Premier Juillet

For their first feature production, the INIS film school didn’t go for the self-indulgent pretentious borefest one might have expected nor did they cynically aim for something crassly commercial. “Premier Juillet” is not a great picture, but if director Philippe Gagnon and his fellow INIS graduates’ objective is to show that they can make a movie both well crafted and entertaining, they are successful.

Not unlike “Québec-Montréal”, the film follows different people going through the same ordeal but, instead of driving on the highway between the province’s two biggest cities, the characters in “Premier Juillet” take part in the typically Québécois tradition of all moving on the same day. There’s a family leaving Montreal for the countryside, to the dismay of their teenage son. A couple moves together for the first time and quickly find his sloppiness and her control freak nature causing friction. Finally we have a trio of youngsters who got thrown out of their apartment after a weeklong party and must find new digs in a hurry.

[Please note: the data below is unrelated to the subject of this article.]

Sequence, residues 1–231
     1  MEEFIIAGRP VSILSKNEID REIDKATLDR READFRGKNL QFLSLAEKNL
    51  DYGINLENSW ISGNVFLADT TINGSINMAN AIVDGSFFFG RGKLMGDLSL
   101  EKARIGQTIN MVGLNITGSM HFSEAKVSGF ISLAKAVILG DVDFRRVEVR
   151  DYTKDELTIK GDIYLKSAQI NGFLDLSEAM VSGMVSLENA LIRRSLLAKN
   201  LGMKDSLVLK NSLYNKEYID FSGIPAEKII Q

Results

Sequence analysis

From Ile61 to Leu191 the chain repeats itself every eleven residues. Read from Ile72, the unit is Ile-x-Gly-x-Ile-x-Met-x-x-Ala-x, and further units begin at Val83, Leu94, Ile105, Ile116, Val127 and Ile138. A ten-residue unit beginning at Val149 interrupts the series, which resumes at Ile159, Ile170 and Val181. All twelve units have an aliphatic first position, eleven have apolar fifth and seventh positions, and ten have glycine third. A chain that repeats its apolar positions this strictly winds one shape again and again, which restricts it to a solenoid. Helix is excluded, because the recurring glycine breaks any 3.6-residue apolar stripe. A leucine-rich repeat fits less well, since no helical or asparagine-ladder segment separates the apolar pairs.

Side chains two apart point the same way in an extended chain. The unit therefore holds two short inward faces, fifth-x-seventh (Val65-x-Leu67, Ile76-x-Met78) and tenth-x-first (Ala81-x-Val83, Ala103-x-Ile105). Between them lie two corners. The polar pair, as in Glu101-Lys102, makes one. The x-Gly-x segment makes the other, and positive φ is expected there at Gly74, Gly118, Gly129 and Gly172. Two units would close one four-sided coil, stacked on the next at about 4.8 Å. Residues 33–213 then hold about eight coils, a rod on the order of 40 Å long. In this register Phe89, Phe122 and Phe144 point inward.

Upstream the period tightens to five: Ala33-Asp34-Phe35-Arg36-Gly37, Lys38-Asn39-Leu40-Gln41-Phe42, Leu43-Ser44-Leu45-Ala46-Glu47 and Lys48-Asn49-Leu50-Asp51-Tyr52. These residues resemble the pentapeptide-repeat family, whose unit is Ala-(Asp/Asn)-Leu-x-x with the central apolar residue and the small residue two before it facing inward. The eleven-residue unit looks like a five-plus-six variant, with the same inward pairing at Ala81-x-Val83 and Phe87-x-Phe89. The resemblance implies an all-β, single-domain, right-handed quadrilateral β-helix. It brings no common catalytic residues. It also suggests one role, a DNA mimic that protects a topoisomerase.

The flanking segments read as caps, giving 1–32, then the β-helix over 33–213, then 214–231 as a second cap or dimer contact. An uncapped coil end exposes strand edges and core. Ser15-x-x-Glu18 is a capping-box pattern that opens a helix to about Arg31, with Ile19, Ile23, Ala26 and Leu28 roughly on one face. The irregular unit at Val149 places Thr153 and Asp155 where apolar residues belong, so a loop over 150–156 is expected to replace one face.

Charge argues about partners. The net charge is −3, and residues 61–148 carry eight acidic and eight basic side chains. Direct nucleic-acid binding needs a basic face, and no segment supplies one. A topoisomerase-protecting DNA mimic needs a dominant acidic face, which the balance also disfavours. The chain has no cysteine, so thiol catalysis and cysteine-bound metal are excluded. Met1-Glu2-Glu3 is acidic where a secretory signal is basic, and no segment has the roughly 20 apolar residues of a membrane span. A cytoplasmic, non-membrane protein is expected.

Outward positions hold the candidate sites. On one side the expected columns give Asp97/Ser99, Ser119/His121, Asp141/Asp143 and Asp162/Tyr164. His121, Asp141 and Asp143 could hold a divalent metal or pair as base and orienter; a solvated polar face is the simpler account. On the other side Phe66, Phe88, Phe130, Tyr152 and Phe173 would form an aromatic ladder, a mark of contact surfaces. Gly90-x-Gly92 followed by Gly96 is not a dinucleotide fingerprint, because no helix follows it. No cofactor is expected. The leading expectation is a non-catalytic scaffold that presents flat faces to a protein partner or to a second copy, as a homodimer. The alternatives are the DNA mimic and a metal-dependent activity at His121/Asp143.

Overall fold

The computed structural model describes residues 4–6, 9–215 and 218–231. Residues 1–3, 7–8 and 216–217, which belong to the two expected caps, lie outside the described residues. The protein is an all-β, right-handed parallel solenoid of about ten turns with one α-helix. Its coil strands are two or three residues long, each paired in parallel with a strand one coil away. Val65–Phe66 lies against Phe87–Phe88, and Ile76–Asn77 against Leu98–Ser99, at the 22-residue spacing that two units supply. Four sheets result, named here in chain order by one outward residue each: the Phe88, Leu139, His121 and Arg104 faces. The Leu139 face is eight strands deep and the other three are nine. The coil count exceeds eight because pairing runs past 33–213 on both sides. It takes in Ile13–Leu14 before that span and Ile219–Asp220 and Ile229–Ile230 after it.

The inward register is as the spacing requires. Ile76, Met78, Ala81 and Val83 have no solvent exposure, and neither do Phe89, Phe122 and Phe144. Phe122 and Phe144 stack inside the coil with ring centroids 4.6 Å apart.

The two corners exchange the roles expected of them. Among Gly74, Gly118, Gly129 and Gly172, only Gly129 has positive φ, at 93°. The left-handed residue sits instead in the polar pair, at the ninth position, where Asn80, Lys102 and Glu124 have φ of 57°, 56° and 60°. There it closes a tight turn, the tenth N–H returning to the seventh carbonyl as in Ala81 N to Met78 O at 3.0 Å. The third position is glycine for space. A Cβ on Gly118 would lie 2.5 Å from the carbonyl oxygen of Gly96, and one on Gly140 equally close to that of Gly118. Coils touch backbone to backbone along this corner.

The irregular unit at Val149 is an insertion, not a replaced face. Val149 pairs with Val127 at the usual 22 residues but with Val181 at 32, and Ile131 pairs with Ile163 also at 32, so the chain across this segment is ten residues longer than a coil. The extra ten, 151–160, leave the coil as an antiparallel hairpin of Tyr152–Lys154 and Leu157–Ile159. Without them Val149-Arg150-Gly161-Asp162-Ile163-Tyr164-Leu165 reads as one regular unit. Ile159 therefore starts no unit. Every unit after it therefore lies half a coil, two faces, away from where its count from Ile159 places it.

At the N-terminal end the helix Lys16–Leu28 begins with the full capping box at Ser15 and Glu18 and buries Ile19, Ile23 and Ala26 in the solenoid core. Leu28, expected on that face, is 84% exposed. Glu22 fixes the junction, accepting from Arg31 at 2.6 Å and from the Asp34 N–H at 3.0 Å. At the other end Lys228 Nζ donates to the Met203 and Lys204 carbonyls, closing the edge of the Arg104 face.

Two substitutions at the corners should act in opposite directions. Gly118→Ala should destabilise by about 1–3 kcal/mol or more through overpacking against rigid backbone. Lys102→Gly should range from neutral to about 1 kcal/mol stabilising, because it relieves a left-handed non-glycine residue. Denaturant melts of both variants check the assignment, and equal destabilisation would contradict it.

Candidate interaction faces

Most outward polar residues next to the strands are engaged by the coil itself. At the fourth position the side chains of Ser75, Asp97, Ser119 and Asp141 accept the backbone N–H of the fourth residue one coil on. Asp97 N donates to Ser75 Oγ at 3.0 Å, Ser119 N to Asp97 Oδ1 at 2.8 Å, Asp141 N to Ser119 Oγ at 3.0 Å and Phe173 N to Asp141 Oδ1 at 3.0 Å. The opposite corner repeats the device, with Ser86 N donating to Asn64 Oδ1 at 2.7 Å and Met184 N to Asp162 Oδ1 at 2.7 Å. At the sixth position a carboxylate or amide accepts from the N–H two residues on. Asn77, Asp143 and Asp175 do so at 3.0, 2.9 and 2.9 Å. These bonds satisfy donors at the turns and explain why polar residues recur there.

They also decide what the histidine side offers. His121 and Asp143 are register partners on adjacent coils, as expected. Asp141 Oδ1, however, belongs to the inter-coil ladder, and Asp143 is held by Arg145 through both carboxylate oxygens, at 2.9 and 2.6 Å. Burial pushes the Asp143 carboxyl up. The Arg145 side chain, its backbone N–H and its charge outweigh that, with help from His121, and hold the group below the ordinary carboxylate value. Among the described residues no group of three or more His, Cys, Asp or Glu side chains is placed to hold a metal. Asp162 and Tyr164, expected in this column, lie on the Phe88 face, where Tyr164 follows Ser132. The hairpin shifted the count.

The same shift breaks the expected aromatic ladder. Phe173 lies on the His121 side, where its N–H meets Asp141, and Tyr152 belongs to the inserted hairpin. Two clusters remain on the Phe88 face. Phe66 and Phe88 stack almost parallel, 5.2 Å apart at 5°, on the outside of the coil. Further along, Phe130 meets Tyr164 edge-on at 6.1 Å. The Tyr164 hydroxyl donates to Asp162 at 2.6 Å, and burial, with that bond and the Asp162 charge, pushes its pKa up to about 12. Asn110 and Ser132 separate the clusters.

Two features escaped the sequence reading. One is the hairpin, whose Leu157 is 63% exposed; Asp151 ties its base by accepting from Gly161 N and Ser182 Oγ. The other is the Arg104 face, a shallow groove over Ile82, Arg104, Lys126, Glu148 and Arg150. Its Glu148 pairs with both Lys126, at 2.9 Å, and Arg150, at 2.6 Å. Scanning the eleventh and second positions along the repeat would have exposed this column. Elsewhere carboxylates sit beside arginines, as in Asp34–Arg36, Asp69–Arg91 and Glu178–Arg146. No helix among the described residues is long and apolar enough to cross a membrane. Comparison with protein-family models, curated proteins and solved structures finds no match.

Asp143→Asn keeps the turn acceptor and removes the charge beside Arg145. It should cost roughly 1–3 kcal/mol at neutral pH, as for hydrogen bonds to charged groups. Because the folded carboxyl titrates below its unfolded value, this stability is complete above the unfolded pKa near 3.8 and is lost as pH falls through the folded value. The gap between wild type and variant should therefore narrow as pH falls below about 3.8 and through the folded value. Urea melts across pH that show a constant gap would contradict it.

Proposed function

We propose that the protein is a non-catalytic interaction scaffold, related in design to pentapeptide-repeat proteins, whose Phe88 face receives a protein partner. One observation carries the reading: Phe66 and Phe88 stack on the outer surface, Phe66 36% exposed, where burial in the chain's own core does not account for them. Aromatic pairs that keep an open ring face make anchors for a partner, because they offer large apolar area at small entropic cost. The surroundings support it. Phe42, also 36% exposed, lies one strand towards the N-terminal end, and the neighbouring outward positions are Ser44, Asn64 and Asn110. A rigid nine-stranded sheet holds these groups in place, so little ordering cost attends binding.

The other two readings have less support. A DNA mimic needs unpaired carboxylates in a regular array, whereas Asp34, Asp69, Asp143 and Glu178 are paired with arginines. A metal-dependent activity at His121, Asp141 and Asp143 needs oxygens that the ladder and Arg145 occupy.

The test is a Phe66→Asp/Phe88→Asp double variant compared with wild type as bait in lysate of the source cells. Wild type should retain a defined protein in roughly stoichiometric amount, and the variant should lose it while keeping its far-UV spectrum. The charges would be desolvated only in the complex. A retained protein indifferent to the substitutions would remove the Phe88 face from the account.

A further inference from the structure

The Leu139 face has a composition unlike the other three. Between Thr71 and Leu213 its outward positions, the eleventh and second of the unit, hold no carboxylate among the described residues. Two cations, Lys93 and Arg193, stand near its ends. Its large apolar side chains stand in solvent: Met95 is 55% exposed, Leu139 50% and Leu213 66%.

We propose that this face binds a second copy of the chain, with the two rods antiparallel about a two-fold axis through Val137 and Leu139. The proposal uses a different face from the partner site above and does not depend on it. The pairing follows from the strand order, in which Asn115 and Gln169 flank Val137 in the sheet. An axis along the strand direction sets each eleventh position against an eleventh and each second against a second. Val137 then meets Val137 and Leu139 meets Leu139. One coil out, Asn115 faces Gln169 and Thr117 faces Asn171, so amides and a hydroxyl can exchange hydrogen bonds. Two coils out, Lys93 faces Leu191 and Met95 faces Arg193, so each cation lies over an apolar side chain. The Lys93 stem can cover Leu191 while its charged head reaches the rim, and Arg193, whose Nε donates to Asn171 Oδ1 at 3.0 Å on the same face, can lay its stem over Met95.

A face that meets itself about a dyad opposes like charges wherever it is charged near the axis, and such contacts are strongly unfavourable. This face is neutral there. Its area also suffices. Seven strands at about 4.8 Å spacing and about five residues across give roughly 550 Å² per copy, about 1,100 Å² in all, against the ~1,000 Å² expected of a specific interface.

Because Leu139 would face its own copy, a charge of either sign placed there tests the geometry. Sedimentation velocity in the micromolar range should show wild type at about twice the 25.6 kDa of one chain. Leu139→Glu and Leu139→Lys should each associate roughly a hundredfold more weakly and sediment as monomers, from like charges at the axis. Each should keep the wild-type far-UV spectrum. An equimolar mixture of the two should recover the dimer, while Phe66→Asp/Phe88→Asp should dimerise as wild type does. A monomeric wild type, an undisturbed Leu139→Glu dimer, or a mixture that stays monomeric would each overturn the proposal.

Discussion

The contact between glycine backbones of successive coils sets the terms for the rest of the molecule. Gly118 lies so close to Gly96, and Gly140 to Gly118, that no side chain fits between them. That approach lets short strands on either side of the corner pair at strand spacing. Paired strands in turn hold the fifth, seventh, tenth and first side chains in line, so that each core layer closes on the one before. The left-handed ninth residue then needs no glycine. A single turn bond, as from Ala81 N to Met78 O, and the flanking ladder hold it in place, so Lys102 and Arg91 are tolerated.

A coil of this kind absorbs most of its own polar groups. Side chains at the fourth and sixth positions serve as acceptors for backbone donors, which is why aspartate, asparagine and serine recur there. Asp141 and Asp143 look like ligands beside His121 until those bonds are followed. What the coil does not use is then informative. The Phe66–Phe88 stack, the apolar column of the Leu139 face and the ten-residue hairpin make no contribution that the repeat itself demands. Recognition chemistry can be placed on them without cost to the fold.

Shot in high-definition and featuring an eclectic score by Stéfan Boucher, “Premier Juillet” is a lively and amusing if not particularly insightful comedy. The excitement and anguish of leaving one home for another affects each person in a different way, but the screenplay by Mylène Lauzon and Jean-François Lepage fails to define the characters beyond a few superficial traits. The cast is able to fill in some of the blanks, though, and the movie remains a pleasant summer diversion.